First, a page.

Food allergies are common and they are of various types like milk allergy, eggs allergy, fish allergy, tree nuts allergy, and peanut allergy. Here, we will discuss things you should know about peanut allergy and when to visit an allergy clinic.

Peanut Allergy?

When your body overreacts to peanuts, it’s called a peanut allergy. Your immune system mistakenly detects the proteins of peanuts as harmful to the body and fights them as it fights viruses and bacteria. This leads to an allergic reaction.

Peanut allergy is the most common food allergy in children (under 18). However, it’s also common in adults. Some children may outgrow peanut allergy, but if it stays after the age of 18, it’s usually lifelong.

Some adults and children experience mild allergic reactions while others can face life-threatening reactions like anaphylaxis (severe allergic reaction) which must be treated immediately.

Keep in mind that peanuts are not tree nuts, they are a legume. However, the proteins in peanuts are similar to those of tree nuts. Therefore, many people who have peanut allergy might be allergic to tree nuts (almonds, hazelnuts, pistachios, walnuts, etc.) as well.

Symptoms Of Peanut Allergy

Common and mild symptoms:

  • Hives
  • Red, itchy skin
  • Tingling or itching in the mouth
  • Nasal congestion or runny nose

Some other symptoms are serious and you must seek medical help.

  • Fast heartbeat or weak pulse
  • Wheezing
  • Coughing
  • Shortness of breath
  • Difficulty in breathing, swallowing, or talking
  • Pale or blue skin
  • Lightheadedness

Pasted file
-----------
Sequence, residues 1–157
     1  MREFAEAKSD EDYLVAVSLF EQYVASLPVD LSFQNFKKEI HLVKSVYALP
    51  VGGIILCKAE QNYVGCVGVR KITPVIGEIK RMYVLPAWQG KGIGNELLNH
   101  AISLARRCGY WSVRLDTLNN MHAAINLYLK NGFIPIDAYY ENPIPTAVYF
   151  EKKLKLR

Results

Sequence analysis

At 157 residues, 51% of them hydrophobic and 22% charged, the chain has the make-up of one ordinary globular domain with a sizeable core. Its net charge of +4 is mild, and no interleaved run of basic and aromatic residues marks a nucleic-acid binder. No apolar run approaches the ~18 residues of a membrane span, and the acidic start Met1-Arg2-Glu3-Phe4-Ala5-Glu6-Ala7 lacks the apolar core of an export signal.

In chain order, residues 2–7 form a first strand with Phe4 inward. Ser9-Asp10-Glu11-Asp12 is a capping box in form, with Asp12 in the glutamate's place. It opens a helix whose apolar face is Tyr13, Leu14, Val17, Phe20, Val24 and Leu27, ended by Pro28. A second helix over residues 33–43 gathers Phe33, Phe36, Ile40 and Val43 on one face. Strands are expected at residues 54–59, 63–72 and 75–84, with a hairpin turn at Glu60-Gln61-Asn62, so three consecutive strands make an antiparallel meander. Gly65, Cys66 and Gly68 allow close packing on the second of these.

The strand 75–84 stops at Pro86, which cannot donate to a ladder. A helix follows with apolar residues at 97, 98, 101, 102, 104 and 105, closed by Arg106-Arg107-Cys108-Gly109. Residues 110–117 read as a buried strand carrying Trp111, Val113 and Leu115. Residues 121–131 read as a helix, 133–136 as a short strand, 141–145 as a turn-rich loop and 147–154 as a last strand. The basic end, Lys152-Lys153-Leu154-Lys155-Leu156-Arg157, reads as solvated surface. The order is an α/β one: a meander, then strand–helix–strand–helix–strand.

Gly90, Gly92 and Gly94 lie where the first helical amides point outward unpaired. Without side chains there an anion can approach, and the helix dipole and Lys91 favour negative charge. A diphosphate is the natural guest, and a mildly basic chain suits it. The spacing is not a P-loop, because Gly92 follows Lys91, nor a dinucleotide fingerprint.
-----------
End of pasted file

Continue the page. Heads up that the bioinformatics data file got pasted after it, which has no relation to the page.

• Drowsiness
  • Swelling of the tongue, lips, or face
  • Seizure
  • Tightness in the chest
  • Diarrhea
  • Nausea or vomiting


Peanut allergy can cause anaphylaxis. It’s a severe allergic reaction that requires immediate treatment with epinephrine and an emergency room visit.

Signs of anaphylaxis are:

  • Swelling of throat
  • Difficulty in breathing
  • Blockage of airways
  • A drastic drop in blood pressure
  • High pulse rate
  • Dizziness or loss of consciousness

Causes Of Peanut Allergy

Food allergies are due to genetics. Moreover, infants who have eczema or egg allergy are at a higher risk of developing peanut allergy.

Adults and children who are highly allergic to peanuts can show symptoms of allergy even if they consume a tiny amount of it.

Moreover, people can be exposed to peanuts in different ways:

Direct Contact

The common form of contact with peanuts is directly eating peanuts or food that contain peanuts. In some cases, an allergic reaction is triggered when peanuts come in direct contact with the skin.

Cross Contact

If a food has an unintentional inclusion of peanuts in it, it can cause an allergic reaction in someone who has a peanut allergy. This can be unexpected for the person because they may be avoiding peanuts and eating something that didn’t have peanuts in it.

Cross contact can be caused by food that was exposed to peanuts when it was proceeded or made.


Inhaling dust that has peanut particles can cause an allergic reaction as well. It can be a source like a peanut flour or peanut oil spray.

Risk Factors Of Peanut Allergy

The cause of peanut allergy is usually genetic. However, some people are at a higher risk of developing peanut allergy. The risk factors for a peanut allergy are:


The age group that is more likely to develop a peanut allergy is children. The risk is even higher for toddlers and infants. Some of them outgrow food allergies because, with growth, the digestive system of people stops reacting to allergy-causing foods.

Peanut Allergy In The Past

Some people who outgrow a peanut allergy might see a recurrence of a peanut allergy later.

Other Food Allergies